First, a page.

In the UK, it isn’t so much. Every year my sister and I got a pumpkin each to decorate (she always went for the biggest she could find, I went for the smallest: read into that what you will), and I usually put one in the window when I worked for the construction company, making ours the only building on a drab little industrial estate that had any sense of festive occasion (I also decked it out for Christmas, and it was spectacular). But pumpkins aside, Halloween mostly passed me by during childhood.
My sister and I weren’t allowed to go trick-or-treating — “No child of mine will go begging our neighbours for food” was my mother’s exact response (although when confronted with that this year she says she did let us go trick-or-treating once, with some friends: I don’t remember it) — and more to the point, the UK has a bigger celebration on the 5th November — Guy Fawkes or Bonfire Night, when we commemorate the Gunpowder Plot of 1605, when Fawkes tried (unsuccessfully) to blow up the Houses of Parliament, and we celebrate the gruesome details of his capture, torture, and execution with fireworks and by burning his effigy all over the land. #TraditionFTW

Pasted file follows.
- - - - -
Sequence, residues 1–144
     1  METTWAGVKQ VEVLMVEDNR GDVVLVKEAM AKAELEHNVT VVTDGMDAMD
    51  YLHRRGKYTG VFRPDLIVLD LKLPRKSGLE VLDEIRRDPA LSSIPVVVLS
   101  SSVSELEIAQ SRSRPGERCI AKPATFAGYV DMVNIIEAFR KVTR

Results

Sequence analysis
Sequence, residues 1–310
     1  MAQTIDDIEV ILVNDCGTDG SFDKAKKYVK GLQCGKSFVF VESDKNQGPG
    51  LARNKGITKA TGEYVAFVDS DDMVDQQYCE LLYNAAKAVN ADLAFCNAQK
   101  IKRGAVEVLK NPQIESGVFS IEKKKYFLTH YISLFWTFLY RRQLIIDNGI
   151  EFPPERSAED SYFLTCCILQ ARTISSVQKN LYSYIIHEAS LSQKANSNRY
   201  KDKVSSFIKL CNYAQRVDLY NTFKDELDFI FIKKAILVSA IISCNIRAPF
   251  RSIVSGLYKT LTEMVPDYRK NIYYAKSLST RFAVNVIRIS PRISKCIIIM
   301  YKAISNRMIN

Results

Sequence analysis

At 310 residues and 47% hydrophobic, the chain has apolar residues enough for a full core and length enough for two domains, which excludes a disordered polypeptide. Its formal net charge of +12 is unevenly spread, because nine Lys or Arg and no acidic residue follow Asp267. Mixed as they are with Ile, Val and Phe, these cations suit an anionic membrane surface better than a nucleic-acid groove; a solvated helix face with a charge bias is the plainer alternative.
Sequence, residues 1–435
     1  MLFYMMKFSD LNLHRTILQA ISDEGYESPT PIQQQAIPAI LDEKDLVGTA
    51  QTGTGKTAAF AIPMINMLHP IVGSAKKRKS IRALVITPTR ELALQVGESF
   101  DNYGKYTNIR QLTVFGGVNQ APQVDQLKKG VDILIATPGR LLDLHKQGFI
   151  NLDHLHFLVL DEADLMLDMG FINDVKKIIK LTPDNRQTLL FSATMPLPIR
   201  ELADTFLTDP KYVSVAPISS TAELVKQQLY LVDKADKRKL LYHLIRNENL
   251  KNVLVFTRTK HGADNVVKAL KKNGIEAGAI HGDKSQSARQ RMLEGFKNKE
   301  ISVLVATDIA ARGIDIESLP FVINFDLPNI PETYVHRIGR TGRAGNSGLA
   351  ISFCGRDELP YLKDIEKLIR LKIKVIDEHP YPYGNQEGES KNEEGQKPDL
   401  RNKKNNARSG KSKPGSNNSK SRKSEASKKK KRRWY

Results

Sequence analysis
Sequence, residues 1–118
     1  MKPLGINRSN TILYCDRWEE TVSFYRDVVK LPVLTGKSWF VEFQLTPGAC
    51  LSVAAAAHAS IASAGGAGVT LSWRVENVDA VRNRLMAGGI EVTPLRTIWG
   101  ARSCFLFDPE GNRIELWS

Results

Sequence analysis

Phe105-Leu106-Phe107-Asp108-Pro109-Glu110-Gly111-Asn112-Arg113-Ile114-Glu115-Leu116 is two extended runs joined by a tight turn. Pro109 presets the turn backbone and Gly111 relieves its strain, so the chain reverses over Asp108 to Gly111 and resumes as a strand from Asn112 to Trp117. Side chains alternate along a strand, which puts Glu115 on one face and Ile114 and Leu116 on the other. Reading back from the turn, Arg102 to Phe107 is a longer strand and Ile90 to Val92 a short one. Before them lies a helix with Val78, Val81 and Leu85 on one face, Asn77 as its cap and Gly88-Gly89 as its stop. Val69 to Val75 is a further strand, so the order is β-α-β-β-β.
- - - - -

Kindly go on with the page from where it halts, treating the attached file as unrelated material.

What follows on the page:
But this year there will be no fireworks (and I think a committee is needed to look into which American thought the best time of year to display explodey things in the sky was in fucking summer), only a long succession of children in costumes tramping to the door and demanding something they call candy, which — as far as I can gather — is basically anything containing sugar, including chocolate which in the UK is a foodstuff in its own right. AJ tells me I must be nice and make merry, and we have a big bowl of sweet things all lined up ready for the hordes of little monsters about to descend upon us. But if next Thursday she finds me in the garden trying to blow shit up, now you all know why 🙂